Halibut is an oft-desired fish for a variety of reasons. It’s delicious, it’s easy to cook, and – aside from the Atlantic halibut – it’s plentiful. If you’d like to serve halibut at your next dinner party, however, you might be stumped as how to buy the fish. Know what to look for and determine how much to buy with this halibut buying guide.

 

What to Look For

Halibut is available year-round, but the fish is best between March and September. Therefore, if you want to buy fresh halibut, try to do so between these months. Frozen fish has fewer time restrictions but look for catch dates close to when you’re purchasing. Halibut is available as fresh or frozen whole fish, fillets, and steaks, and it is often farm-raised but occasionally wild.

If you are buying whole halibut, the fish should be taut and firm but with a subtle white sparkle. As always, avoid any fish with red or yellow discoloration, especially on the bottom side of the fish. If you’re buying fresh, the whole fish, fillet, or steak should smell like seawater.

If you are buying fresh halibut fillets, the flash should appear translucent and/or very lightly green in color. If you are purchasing fresh fish with fat, the fat should be silver, white lightly yellow, or copper, but never green or deep yellow.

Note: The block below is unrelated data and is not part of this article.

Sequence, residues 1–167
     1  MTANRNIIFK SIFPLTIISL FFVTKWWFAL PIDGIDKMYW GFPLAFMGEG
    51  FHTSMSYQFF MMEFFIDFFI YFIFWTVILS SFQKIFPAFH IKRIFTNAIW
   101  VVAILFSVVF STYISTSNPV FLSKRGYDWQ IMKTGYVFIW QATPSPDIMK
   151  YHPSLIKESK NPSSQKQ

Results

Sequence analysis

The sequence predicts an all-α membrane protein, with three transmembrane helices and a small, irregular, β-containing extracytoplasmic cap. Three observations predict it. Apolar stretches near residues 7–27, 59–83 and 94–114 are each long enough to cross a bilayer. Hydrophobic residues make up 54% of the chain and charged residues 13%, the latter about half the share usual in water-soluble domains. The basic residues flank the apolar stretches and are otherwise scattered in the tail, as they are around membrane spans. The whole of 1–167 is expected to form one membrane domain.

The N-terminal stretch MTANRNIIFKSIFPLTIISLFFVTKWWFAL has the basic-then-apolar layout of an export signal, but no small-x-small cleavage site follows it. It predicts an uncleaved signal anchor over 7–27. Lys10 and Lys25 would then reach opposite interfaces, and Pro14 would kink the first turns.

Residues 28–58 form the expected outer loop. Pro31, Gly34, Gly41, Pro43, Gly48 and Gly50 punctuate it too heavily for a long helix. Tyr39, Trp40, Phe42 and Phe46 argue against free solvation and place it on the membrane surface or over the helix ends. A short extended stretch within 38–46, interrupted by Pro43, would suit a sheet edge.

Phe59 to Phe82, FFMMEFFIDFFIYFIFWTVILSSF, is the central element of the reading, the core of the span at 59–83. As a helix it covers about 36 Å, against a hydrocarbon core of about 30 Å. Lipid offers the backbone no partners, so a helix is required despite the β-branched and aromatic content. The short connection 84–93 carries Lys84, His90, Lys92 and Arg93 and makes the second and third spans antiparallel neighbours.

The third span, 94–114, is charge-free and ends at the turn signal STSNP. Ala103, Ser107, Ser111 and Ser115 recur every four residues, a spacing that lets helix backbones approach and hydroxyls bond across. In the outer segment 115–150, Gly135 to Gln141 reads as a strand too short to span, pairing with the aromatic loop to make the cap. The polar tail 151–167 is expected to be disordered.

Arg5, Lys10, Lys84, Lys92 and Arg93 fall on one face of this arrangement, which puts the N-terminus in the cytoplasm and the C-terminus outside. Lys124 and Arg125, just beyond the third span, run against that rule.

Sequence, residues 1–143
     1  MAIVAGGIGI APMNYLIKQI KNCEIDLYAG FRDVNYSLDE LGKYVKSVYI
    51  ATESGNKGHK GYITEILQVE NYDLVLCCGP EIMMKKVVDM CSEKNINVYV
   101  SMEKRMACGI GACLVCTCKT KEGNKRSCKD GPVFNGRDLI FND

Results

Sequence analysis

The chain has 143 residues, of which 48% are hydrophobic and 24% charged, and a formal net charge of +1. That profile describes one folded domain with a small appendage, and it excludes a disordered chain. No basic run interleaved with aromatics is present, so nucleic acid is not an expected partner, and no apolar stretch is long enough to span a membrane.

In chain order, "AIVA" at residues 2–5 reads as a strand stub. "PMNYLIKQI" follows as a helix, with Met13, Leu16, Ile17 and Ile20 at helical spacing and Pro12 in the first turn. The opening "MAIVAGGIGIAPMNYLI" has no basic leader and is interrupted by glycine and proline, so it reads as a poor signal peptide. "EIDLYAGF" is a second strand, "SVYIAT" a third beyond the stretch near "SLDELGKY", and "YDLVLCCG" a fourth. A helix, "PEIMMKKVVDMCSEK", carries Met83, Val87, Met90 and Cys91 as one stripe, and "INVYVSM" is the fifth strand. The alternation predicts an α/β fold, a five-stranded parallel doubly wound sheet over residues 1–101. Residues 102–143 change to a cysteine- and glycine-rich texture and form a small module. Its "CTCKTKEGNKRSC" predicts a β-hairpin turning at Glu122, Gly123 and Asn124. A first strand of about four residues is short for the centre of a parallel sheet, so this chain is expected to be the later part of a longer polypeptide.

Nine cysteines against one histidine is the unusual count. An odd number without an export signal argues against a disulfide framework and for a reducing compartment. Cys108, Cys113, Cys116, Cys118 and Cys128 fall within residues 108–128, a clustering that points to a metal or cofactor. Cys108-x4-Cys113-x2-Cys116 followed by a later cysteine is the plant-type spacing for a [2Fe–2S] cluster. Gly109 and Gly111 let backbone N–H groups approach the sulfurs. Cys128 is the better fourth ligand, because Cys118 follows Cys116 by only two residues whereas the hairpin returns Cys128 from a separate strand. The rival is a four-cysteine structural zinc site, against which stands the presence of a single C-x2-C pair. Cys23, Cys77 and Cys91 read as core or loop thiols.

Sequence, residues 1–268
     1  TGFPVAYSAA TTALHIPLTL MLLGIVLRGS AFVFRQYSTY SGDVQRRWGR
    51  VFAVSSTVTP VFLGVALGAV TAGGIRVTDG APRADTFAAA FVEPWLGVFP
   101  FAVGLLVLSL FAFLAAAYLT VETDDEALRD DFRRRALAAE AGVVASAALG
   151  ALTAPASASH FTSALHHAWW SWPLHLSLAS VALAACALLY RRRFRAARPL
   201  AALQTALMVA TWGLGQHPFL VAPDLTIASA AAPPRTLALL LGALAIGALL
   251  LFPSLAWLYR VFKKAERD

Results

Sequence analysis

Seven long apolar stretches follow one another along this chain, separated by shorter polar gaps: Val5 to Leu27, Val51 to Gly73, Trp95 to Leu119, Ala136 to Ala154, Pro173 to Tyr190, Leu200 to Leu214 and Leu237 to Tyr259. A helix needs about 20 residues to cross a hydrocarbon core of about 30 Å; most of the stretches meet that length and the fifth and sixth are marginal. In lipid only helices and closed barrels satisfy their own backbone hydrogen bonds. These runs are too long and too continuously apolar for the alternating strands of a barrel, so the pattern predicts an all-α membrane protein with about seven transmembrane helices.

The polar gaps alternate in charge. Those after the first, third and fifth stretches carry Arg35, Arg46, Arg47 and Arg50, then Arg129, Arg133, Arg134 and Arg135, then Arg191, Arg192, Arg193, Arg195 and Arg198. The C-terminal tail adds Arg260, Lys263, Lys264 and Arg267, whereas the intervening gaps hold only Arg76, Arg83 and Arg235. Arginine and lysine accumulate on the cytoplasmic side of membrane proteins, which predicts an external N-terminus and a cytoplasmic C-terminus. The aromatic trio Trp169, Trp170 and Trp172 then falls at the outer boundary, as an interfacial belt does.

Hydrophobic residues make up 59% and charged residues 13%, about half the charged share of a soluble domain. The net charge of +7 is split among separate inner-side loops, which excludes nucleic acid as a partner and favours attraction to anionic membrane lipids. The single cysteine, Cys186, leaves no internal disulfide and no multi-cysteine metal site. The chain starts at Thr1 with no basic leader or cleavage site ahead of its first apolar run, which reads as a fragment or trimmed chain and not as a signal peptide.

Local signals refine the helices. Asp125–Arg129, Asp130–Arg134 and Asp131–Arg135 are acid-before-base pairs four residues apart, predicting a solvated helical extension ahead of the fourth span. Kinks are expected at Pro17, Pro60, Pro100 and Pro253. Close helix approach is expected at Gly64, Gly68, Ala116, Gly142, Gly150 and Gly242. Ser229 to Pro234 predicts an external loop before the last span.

How Much Halibut Should You Buy?

Like most fish, halibut can be tricky to gauge when buying for a crowd. The easiest way to figure it out is to decide on what type of cut you’d like to buy. If you are serving fish steaks, each person will likely eat between 1/3 and ½ of a pound. The same is true for fish fillets. However, if you are serving a whole fish, each person will likely eat between ¾ and 1 pound. Do your best to not buy more than you can eat in that evening; freezing pre-cooked halibut, especially when prepared with sauces and seasonings, is never a great idea.

 

How to Store Your Purchase

Halibut has very little natural oil, which means the fish will dry out easily while cooking or if improperly stored. Buy fresh halibut the day you plan to eat it. When you get home, remove the fish from its store packaging and place it in a tight-sealed container. Place this container in the refrigerator at the bottom or coldest part. Remember to never keep uncooked fish in the fridge for longer than one or two days.

If you want to freeze your halibut, remember to keep it in the coldest part of the freezer. Consider pre-treating the fish portions to increase the fish’s firmness. To do this combine around a quarter of a cup of salt with 4 cups of cold water. Dip the halibut in the mixture for about 20 seconds, then use your desired freezing method. Do not keep uncooked fish in the freezer for longer than six months.

If you choose to freeze your purchase, you have a variety of freezing methods at your disposal. Layer wrapping is among the most popular. To do this, wet the halibut, then wrap the pieces tightly in plastic wrap. Wrap the pieces again with foil. If you are freezing several portions, package steaks and fillets individually and layer them with waxed paper. This will make separation easier after they thaw.

  • When you’re ready to cook your fish, check out our guide for cooking halibut.